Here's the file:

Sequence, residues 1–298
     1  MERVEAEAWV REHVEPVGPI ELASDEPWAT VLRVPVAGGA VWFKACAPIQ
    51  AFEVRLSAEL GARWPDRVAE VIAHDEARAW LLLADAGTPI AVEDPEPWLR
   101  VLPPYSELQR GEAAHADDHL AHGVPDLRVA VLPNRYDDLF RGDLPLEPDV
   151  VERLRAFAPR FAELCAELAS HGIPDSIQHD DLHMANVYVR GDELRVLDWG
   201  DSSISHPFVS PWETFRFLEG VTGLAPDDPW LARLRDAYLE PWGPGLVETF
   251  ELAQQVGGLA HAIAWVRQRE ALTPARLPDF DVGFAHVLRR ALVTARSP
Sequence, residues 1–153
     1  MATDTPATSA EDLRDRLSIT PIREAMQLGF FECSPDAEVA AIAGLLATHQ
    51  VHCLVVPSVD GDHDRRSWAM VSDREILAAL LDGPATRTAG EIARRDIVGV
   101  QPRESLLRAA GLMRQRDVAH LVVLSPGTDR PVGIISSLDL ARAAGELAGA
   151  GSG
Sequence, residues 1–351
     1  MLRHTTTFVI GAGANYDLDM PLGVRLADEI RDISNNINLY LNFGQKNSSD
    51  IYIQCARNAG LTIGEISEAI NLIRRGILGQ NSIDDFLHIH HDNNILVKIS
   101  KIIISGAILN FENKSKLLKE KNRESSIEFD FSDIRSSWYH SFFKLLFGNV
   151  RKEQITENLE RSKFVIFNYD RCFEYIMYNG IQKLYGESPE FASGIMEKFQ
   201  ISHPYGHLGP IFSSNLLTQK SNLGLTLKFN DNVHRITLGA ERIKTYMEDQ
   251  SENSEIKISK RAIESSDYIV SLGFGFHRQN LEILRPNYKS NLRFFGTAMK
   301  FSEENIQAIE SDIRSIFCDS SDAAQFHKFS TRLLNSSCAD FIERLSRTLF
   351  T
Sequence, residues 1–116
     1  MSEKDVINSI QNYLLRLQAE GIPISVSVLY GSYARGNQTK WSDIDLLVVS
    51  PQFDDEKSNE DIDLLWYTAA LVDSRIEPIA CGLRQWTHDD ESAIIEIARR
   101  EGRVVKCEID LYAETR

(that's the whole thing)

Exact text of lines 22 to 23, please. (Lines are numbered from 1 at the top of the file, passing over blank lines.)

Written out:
Sequence, residues 1–116
     1  MSEKDVINSI QNYLLRLQAE GIPISVSVLY GSYARGNQTK WSDIDLLVVS